Lynne Borel discusses antique haircutting supplies with visitors inside the replica barbershop at Bo's Hollow. A former beautician, Lynne cut's her husband's and sons' hair in the shop.

“People started calling. They said it’s such a beautiful setting, and it’s something so different. You should let people see it,” Lynne recalls. “We started the village from that.”

Bo’s Hollow opened to the public five years ago. Initially tours included the restoration shop, though now that’s reserved for people with a genuine interest in Model A’s. Each season, the family has added a new attraction, and now a series of diminutive buildings give a sense of a 1930s town.

While the Borel’s bill their attraction as a step back in time, there is really no pretense that’s actually happening. The family does not dress in old-time costumes and the village lacks the hillbilly hokum typical of so many history-themed destinations. If anything, a visit to Bo’s Hollow is less time travel and more history lesson, especially for younger visitors.

David Borel spends busy summer days driving guests around Bo's Hollow in one more than 20 Model A automobiles the Borel family owns.

“I love children and I want it to be something educational for them,” Lynne says. “I try to explain how times would have been — what life could have been like — because children have no idea.”

Whenever possible, Lynne guides visitors through their first minutes at Bo’s Hollow. She takes people into the gas station and points out significant artifacts. “Children like to wring the chamois,” she says.

From there she leads groups to an old windmill and lifts a lever to operate a pump. Once water starts pouring into a bucket, she disconnects the turbine and has children draw water by hand. Next, Lynne takes visitors to the village’s tiny hardware store, which contains a mixture of antique merchandise and modern items for sale. Plumbing fixtures are especially popular with neighbors who will stop in at Bo’s Hollow rather than drive into Licking or Salem.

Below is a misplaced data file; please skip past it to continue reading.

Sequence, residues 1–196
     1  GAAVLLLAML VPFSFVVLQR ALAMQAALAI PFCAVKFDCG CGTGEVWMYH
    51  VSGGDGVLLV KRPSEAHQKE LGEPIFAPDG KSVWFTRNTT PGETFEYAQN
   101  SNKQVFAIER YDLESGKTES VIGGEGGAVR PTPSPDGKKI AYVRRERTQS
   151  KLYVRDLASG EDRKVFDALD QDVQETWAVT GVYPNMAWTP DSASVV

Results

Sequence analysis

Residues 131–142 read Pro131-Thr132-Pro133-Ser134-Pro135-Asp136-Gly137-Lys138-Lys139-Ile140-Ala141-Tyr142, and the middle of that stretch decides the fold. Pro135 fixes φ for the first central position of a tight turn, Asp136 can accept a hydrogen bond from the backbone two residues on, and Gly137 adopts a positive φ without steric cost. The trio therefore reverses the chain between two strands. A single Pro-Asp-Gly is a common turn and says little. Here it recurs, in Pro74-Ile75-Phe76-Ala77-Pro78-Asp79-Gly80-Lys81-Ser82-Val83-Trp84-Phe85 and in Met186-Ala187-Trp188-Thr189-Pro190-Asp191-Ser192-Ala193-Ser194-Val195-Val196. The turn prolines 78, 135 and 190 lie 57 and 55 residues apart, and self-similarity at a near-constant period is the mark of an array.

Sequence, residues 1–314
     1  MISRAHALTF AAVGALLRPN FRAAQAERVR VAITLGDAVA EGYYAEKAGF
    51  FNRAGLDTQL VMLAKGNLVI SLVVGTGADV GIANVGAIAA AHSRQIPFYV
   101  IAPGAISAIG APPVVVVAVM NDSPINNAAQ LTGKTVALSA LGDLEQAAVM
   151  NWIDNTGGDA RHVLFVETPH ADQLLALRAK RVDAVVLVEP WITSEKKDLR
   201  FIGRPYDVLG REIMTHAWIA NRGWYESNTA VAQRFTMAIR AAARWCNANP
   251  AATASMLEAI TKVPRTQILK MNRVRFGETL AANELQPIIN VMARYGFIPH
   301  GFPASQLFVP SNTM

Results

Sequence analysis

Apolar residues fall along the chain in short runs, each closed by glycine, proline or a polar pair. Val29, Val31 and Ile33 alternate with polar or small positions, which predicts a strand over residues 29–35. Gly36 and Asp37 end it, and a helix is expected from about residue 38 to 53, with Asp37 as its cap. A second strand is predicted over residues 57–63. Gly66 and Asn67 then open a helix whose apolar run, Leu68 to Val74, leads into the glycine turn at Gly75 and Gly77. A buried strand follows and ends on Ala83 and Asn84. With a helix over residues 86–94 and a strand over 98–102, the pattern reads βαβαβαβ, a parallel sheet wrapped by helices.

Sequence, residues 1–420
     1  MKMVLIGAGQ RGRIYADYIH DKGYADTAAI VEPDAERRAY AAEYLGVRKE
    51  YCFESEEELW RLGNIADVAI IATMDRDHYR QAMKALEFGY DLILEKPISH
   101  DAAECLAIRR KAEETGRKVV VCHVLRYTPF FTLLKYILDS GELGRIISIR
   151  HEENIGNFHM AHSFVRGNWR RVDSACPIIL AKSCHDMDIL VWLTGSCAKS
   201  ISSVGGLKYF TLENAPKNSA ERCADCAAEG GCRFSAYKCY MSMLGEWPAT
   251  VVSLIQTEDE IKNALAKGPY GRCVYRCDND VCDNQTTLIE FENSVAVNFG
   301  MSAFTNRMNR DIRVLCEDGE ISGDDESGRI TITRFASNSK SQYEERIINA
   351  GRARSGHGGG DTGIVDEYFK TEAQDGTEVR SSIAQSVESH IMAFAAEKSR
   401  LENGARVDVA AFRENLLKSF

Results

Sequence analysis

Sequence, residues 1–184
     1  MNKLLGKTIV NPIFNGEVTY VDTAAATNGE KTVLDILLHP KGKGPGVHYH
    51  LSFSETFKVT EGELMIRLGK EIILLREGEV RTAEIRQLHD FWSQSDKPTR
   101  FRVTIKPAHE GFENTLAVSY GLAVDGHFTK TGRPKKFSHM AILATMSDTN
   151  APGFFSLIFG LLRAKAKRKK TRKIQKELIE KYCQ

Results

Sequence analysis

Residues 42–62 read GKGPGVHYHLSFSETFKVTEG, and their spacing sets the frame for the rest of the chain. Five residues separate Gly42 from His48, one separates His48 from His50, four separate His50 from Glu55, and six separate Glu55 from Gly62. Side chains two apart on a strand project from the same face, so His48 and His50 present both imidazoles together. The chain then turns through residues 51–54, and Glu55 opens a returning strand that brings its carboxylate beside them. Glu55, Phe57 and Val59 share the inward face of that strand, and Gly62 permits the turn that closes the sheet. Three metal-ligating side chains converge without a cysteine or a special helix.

After demonstrating an old-fashioned corn grinder and feeding the resulting grist to resident chickens, Lynne concludes her tour and turns visitors loose to wander on their own through a reproduction post office and barbershop or visit the smokeshack.

Dale Borel prepares beef jerkey for sale at Bo's Hollow.

Lynne’s obvious enthusiasm for the history presented at Bo’s Hollow is no act. Although she and her husband live modern lives, they hold onto a few remnants of a bygone time. Lynne and Bracy make their home in a small cabin built from logs salvaged from an 1840s dogtrot home. They pump water with a windmill and Lynne cooks on a wood-fired stove.

The family’s appreciation for things past is not lost on the thousands of visitors who somehow manage to find their way off the beaten path and arrive at Bo’s Hollow. Although the family could do more to attract visitors, they don’t seem to be in any hurry to raise their profile.

“As long as it pays the light bill and the upkeep, that’s good enough for us,” David says. “This is what we enjoy. It’s not a get-rich thing.”

Bo’s Hollow is located two miles south of Montauk State Park on County Road 663 (Ashley Creek Road). The attraction is open Tuesdays through Saturdays. For more information, call (573) 548-2429 or log onto